However, Greene had previously issued orders for the army to retreat (see Part 11), and soon these militia began to move off. Martin noted that when he was approaching the fighting “I met General Stephens [i.e., Brigadier-General Edward Stevens] of [the] Virginia [militia] Corps retreating[.] I asked if the Retreat was by General Greene's Orders[;] he told me it was[.] I then retreated with him” [4].

At the same time that Howard and Washington lost their potential support, the Guards were aided by British troops coming through the woods.

Cornwallis wrote:

the 71st regiment, which, having been impeded by some deep ravine, were now coming out of the wood on the right of the Guards, opposite to the Court-house. By the spirited exertions of Brigadier-General [Charles] O'Hara, though wounded, the second battalion of Guards was soon rallied, and, supported by the grenadiers [of the Guards], returned to the charge with the greatest alacrity. The 23rd regiment arriving at that instant from our left, and Lieut.-Colonel [Banastre] Tarleton having advanced with a part of the cavalry, the enemy were soon put to flight. [2]


A challenging aspect of depicting the battle in miniature has involved issues of timing. The sequence of events involving each unit is generally clear, but it’s rather difficult to determine how the events involving one unit corresponded in time with the events involving other units on the battlefield. A source of particular consternation for me has been the retreat of Stevens’ brigade to the third line. In recent posts, Stevens’ men were depicted as reaching the third line only after major combat had begun on the third line (in the second picture, above, they are the block of retreating militia at the top of the image). There are a couple of reasons for this. One is that the 71st Foot is known to have been delayed by rough terrain on its march to the third line (see Cornwallis' quote, above); Stevens’ brigade had to traverse the same ground, and it’s reasonable to think they would have been delayed as well. The other is Martin's pension application (also quoted above), which implies that Stevens’ brigade was still moving towards the courthouse when the Guards were defeated. However, the depiction has ended up looking a bit peculiar – this huge brigade of Virginia militia is shown essentially behind the Guards during the third line fighting. Of course, the alternative would also look a bit odd – having Stevens' brigade reach the third line quickly only to stand idly about while the Guards attacked and routed the 2nd Maryland. (As is, there are already quite a few militia figures shown hovering near the third line, based on Martin’s comment above, and comments by St. George Tucker concerning Lawson’s Virginia brigade [5]). There is, to say the least, room for varying interpretations.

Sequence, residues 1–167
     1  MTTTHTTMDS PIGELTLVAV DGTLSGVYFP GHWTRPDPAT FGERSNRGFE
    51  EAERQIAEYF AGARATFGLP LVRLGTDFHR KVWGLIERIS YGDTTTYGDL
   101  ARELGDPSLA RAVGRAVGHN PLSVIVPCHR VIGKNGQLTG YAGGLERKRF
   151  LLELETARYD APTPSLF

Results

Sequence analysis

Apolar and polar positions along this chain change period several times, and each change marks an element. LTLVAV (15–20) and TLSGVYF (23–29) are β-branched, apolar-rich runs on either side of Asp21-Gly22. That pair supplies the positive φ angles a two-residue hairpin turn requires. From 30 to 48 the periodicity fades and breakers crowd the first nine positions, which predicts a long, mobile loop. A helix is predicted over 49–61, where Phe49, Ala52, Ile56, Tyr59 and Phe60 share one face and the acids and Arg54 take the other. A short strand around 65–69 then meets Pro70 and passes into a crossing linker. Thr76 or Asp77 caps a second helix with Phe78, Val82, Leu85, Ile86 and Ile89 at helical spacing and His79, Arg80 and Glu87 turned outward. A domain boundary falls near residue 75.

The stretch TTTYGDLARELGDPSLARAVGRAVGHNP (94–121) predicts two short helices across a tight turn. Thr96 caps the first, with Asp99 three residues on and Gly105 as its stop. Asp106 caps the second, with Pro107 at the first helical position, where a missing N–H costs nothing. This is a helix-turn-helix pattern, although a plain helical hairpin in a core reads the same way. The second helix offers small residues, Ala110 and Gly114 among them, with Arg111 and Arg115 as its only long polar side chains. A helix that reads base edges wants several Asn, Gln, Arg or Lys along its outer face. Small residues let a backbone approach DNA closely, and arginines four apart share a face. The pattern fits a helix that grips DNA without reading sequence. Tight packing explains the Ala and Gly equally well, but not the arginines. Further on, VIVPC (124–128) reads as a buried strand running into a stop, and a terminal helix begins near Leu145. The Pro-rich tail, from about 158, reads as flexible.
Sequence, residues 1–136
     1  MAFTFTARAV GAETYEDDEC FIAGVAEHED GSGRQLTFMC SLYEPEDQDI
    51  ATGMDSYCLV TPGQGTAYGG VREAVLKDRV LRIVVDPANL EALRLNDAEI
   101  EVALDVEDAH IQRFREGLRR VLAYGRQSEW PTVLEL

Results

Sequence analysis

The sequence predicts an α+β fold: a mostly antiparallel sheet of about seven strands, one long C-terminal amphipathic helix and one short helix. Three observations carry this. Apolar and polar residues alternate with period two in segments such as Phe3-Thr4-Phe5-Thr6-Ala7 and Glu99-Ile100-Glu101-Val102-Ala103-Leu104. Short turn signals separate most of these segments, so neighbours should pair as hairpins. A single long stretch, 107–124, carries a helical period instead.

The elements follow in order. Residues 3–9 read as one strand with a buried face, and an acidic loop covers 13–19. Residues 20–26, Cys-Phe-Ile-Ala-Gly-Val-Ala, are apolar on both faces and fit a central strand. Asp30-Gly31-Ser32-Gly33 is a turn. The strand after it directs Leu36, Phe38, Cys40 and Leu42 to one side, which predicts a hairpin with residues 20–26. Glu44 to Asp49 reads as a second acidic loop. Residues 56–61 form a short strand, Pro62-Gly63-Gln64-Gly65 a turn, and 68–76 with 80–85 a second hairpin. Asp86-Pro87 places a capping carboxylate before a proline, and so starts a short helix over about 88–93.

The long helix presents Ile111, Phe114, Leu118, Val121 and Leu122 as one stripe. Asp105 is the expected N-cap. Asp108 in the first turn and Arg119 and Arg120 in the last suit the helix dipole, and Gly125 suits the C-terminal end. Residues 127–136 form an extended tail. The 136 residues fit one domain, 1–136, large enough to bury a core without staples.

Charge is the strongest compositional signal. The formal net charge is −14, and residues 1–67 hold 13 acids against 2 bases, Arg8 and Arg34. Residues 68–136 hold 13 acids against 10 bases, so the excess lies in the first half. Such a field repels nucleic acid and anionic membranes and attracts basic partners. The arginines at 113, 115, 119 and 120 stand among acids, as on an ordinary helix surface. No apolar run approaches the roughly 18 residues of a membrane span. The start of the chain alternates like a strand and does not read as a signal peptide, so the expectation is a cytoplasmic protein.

1. Howard is quoted in James Herring and James Barton Longacre (1835). The national portrait gallery of distinguished Americans, Vol. 2.

4. Lee's and Cornwallis' accounts of the battle (among others) can be found in this compendium

3. Pension application of John Wadkins.

4. Pension application of James Martin.

5. Letters of St. George Tucker to his wife (from the Magazine of American History).


  1. Enjoying your series on Guilford Courthouse. Certainly one of the most strategic battles of the war. Fantastic depiction! I imagine the forest was a little more dense in some areas. Still trying to spot the giant soldier (aka Hercules of the Revolution) with the mammoth sword!

  2. I am also enjoying your series on Guilford Courthouse. Photos are lovely.

  3. What I enjoy most about your blog (beside the excellent photographs illustrating the action) is the fact that it allows me to access sources that I would probably not otherwise get to read. It has already done much to deepen my understanding of the War and the style of fighting, as well as giving me fascinating glimpses of first hand reports by those who participated. Brilliant! Thank you.


  4. I really appreciate that, Lee. Many thanks!